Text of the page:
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Our first responsibility is to try to figure out things. That's what I
tried to contribute towards.
As far as the Constituent Assembly: I really don't know enough about it
other than what I read in the capitalist media, which of course is not
reliable. Nor do I automatically trust what the left press has to say, as
much of this press is the same press that supports Assad, supported Brexit,
etc. If Manuel Barrera or anybody else has some reliable reports on the
Constituent Assembly - who they are, how it was organized, etc. - I think
we all would greatly benefit from reading it.
On Sat, Aug 5, 2017 at 3:20 PM, Manuel Barrera <mtom...@hotmail.com> wrote:
> John says: "I think it is correct to characterize the regime there as
> Chavez rose to power based on the support of a layer of mid and lower level
> military officers. He never had the support of the Venezuelan capitalist
> class, but neither was he based on the organizations of the working class.
> In other words, he hovered above or between the classes."
> Roberts doesn't seem to make any political characterizations, but does
> throw his economist weight behind the undermining of the Maduro
> administration all under the framework of a "discussion" not of Maduro's
> capitalsit machinations but on the event of the Constituuent Assembly.
> Reimann follows suit, not discussing the Constituent Assembly but whether
> Maduro is revolutionary (he's not) and the capitalist nature of his
> government (more aptly The government of which he is president).
> It may sound all revolutionary to criticize Maduro and his ostensible
> "bonapartist regime". Indeed, it is an accurate appraisal to state that the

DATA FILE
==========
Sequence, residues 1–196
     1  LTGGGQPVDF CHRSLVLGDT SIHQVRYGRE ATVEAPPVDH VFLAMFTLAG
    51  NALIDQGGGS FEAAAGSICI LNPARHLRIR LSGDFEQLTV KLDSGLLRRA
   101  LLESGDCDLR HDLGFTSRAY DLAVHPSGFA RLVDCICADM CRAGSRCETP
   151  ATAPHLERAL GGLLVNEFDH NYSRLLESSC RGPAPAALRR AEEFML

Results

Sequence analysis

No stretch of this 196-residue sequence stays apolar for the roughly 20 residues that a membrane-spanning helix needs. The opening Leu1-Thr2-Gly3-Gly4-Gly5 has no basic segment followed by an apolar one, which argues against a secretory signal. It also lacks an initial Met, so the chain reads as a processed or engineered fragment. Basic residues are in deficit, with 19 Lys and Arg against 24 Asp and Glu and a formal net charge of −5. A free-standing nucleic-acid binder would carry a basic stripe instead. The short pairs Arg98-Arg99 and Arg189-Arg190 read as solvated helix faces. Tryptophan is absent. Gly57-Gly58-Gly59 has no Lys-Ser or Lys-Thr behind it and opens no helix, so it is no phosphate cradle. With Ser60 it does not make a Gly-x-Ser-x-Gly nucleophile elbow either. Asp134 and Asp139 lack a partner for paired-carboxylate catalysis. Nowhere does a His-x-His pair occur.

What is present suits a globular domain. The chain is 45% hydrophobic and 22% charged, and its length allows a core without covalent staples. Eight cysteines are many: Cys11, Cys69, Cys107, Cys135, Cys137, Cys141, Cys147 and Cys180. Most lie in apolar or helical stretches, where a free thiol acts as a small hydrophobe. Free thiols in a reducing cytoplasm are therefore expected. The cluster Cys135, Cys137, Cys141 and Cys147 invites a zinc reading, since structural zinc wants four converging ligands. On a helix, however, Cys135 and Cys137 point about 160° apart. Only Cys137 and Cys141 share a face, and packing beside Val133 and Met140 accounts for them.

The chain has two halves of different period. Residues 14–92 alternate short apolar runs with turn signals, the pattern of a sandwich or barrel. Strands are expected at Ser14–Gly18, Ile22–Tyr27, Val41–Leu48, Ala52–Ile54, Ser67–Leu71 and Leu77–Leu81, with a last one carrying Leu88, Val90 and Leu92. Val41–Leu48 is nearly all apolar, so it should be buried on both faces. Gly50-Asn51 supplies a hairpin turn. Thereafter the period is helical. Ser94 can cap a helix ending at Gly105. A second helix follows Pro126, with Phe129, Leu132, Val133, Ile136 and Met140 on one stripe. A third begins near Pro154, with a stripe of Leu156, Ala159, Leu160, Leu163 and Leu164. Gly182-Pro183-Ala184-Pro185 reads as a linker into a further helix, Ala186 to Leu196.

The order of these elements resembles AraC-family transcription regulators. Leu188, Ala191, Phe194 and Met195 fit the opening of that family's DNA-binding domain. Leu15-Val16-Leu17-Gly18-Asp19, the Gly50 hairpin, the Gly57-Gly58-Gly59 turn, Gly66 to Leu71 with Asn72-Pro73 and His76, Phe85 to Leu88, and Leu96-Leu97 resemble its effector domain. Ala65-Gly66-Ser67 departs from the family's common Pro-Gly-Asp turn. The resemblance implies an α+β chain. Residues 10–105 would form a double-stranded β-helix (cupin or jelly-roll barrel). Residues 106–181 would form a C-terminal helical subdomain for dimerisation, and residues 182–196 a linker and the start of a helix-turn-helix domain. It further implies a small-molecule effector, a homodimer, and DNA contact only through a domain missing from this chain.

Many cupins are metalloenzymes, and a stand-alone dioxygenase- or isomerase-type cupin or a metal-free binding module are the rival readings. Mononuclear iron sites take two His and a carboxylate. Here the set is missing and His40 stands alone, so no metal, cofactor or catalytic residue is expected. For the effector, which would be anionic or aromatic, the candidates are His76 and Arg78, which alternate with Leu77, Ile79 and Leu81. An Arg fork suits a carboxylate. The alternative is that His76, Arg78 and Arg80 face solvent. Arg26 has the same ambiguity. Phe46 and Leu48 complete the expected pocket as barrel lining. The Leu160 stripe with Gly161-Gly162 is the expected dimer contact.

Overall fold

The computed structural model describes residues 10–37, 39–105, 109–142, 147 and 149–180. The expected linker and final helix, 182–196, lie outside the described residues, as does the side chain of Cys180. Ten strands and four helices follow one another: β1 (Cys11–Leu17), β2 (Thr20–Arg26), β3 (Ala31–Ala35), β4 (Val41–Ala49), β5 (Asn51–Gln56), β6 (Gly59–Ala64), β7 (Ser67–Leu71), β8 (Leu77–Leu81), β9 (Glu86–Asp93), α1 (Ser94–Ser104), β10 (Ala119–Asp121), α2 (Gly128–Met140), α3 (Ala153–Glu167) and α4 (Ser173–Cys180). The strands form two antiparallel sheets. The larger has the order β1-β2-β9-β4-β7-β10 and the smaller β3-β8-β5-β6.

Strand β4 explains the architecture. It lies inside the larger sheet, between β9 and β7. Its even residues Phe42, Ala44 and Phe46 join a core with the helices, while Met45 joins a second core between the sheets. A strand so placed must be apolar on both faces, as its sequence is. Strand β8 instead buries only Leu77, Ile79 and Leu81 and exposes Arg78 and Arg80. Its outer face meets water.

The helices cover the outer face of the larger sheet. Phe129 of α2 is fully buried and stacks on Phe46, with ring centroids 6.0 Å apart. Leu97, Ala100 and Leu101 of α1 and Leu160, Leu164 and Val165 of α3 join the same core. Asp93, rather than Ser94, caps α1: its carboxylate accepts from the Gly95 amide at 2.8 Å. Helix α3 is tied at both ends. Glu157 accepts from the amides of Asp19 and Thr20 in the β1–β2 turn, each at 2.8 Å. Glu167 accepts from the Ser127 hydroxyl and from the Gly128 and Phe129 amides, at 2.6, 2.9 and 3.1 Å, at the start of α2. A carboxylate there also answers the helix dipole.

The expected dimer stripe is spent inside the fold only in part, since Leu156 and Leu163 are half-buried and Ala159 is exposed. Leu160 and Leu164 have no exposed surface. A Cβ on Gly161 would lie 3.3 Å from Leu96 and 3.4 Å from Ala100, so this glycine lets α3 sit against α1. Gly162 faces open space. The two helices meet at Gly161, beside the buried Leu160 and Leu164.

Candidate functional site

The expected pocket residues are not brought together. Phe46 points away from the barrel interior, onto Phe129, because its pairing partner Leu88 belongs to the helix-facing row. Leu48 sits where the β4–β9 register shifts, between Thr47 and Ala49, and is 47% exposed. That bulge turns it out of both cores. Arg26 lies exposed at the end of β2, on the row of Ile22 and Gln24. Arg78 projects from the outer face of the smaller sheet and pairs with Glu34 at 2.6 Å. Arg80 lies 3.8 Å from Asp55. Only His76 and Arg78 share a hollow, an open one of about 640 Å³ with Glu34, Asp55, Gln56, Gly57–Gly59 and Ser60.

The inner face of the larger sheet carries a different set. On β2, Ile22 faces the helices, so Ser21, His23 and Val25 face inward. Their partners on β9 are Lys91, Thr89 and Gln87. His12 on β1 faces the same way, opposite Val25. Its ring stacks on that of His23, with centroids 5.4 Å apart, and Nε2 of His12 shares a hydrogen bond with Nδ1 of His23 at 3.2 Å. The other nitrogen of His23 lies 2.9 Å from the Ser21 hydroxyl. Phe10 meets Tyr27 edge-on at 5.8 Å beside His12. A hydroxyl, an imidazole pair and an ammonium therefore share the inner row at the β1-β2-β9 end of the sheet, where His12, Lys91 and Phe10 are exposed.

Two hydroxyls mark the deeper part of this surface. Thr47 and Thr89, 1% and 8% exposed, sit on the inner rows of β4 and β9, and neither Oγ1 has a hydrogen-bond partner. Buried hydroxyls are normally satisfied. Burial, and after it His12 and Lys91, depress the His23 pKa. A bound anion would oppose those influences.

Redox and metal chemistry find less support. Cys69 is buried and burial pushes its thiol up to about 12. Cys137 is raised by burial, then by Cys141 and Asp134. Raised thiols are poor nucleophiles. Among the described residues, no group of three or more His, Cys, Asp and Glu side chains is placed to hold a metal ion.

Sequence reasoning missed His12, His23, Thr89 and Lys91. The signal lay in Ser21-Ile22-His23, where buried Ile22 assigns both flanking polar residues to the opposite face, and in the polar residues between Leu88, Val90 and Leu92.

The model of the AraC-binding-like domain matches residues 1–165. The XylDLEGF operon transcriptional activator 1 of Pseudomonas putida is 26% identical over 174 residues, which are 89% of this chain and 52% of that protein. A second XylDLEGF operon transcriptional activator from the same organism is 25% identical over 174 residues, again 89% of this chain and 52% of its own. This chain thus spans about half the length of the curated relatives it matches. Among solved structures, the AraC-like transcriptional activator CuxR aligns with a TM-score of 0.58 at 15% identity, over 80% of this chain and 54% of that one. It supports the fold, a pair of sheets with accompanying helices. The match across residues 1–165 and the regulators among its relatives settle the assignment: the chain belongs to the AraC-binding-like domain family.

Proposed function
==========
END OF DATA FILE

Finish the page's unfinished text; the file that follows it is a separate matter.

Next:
> present Chavista-based government is a capitalist state resting on its
> support by the military and feigning alliance with workers and the
> However, NONE of that is really the point. What of the Constituent
> Assembly as an answer to the rightist movement of the bosses seeking
> hegemony within the present government? What should working people, and
> revolutionaries, do. Right now? Oppose the Constituent Assembly because it
> isn't creating "dual power" or doing some other "more revolutionary" thing?
> In truth, it is fairly safe to "characterize" Maduro and even critically
> support his government against imperialist and rightwing attempts to
> undermine it. But what does the Constituent Assembly represent, not for
> Maduro or the right wing, but for the masses of Venezuela? Are we to arrive
> at some "sideline armchair quarterbacking" to criticize an effort that at
> the least seeks to find representation in government for the masses? Should
> revolutionaries revert to the time-honored litmus-testing about how this
> particular "answer" to right wing and imperialist attack simply isn't good
> enough for "our support"? Or, should revolutionaries seek to use this event
> of constituent assembly to press forward stronger, more democratic,
> economic, and political mobilzations of the masses in their (our)
> interests? What is happening in Venezuela is not some "lesser-evilism"
> electoral campaign but a protracted struggle in which the masses are indeed
> marginalized by the capitalist class And by the Chavista government and
> military. I see the Constituent Assembly as an avenue to pursue political
> efforts at mobilizing the masses. They must be mobilized, however, For
> Something. Either some idealistic notion of a (non-existent currently)
> "workers and people's government" , the Chavista government or the Capriles
> rightist movement to undermine the Chavistas. Working people do not have
> the "luxury" to choose and revolutionaries should not be so arrogant--and
> treacherous--as to have an uncategorical answer.
> We Need To Support the Constituent Assembly AND, to the extent that Maduro
> and his ilk support it, we need to stand against imperialism and their
> agents in Venezuela as they try to engage an Allende-like coup.
"No one is going to give you the education you need to overthrow them."
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